The storm aiming for ABR seemed in optimal positioning–near the union of the two initiation regimes, and well-located with respect to potentially rightward-deviant motion directly along the differential-heating boundary (and any vorticity generated thereon). As seen looking W from just N of the WFO (which is on the N side of town), the new storm quickly assumed visual supercellular characteristics, then moved in our general direction. A more newly formed, upstream cell was casting some of its own downshear precip into the flank of the supercell, making it somewhat messy and HP in character.
As the forward-flank and vault regions began looming overhead, we headed S and E out of ABR to avoid dealing with town traffic in heavy rain and hail. E of ABR, we stopped to look back toward the storm, now sporting a well-developed wall cloud that was weakly rotating; meanwhile, large-hail reports became part of radio chatter from the area under the storm.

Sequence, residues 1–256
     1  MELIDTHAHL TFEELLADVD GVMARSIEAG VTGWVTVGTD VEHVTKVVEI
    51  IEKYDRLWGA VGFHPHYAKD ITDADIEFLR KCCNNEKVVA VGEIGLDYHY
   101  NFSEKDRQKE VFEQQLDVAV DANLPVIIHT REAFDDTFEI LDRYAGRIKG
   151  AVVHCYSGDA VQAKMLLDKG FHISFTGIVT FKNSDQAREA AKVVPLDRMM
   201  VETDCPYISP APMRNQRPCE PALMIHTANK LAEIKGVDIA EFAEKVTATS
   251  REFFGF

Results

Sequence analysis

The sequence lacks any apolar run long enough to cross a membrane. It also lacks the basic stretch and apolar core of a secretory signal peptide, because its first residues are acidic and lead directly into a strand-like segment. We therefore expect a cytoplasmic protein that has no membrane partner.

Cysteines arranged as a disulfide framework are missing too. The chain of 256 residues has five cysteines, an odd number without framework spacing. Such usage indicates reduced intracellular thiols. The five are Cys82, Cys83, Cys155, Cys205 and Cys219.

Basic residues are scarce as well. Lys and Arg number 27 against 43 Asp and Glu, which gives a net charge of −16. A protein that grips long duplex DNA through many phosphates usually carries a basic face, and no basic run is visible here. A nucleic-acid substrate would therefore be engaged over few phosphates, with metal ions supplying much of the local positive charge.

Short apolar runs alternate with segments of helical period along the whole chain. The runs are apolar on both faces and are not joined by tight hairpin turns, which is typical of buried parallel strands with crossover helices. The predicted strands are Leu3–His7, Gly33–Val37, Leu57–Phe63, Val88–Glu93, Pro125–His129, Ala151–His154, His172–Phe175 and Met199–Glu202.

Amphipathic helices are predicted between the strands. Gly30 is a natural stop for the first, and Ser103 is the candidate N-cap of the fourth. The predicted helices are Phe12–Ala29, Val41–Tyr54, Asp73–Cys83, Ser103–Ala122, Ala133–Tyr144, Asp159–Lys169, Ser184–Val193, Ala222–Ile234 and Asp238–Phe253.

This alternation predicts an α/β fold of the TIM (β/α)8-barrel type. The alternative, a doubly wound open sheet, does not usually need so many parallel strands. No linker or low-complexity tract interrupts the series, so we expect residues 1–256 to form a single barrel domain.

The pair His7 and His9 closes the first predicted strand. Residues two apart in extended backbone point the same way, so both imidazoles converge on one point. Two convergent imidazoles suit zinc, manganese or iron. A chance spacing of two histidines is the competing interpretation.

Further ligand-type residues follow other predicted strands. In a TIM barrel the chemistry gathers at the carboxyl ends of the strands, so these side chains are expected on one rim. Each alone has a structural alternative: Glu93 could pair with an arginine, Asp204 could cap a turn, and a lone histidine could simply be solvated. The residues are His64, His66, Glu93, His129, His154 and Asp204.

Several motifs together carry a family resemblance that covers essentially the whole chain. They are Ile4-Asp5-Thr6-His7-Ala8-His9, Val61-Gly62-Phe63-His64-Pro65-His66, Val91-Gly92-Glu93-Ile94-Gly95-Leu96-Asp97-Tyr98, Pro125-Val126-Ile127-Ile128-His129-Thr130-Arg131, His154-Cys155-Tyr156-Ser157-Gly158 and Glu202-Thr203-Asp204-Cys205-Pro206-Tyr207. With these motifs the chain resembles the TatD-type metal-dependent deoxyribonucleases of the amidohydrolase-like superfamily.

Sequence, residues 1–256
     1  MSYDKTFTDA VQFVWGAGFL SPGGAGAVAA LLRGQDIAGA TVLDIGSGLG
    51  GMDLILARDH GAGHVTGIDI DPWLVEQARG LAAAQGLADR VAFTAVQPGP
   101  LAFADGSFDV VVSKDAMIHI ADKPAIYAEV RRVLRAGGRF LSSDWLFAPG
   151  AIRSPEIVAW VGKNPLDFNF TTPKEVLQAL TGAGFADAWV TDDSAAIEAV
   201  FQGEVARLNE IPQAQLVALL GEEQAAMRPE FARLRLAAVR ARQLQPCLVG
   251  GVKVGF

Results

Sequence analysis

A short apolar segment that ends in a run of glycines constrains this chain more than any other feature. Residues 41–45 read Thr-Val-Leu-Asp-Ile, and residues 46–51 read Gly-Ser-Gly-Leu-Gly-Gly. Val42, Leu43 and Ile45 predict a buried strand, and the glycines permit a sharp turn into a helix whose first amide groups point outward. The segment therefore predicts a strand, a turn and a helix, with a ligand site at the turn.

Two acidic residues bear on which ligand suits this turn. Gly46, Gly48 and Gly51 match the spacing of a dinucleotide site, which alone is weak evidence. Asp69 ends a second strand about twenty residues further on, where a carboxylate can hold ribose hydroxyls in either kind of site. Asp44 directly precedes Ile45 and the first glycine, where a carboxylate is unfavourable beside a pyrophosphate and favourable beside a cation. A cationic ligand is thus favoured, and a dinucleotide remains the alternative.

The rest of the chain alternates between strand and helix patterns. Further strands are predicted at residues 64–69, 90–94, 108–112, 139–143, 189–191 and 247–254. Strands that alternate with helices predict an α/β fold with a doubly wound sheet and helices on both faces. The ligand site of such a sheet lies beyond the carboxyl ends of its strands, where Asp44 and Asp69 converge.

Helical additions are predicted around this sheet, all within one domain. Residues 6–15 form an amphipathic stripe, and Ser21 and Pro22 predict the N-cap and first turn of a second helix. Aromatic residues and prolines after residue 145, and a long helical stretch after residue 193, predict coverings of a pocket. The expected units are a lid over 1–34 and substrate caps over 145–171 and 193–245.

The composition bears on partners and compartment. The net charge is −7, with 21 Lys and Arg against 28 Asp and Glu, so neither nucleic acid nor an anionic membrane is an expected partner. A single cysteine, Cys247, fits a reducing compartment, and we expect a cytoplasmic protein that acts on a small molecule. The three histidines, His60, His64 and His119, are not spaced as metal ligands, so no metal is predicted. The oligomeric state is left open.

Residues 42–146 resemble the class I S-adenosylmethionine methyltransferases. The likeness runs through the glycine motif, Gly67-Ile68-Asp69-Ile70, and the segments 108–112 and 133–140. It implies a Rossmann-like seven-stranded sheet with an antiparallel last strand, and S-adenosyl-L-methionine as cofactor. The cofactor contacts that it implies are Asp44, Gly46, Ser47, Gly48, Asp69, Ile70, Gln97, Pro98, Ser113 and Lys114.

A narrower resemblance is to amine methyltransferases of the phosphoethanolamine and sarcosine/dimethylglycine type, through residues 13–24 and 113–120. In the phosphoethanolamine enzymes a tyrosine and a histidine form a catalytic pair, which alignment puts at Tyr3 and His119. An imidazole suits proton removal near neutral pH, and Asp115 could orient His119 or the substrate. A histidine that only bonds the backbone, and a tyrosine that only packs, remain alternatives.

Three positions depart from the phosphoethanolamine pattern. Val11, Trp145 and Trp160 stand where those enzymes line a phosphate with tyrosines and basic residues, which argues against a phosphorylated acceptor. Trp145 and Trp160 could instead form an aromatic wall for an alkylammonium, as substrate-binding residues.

Pacing the storm eastward on US-12, in stepwise fashion, we noticed that the mesocyclone region experienced a disorganizing phase, then reorganized into a beautifully striated stack. The storm still was plagued by a bit too much precip, and ultimately paid the price by gusting out near Groton. This would have made a fine and worthwhile chase day anyway!
Peever HP Supercell
Keeping ahead of the self-destructive ABR storm, we mulled our options, increasingly confident that we could use US-12 as a vector to outflank a dark, murky storm above the ENE horizon that radar indicated to be a large, HP supercell. Why not? There still was plenty of daylight and an abiding curiosity in what the other side looked like. We’re so glad we did!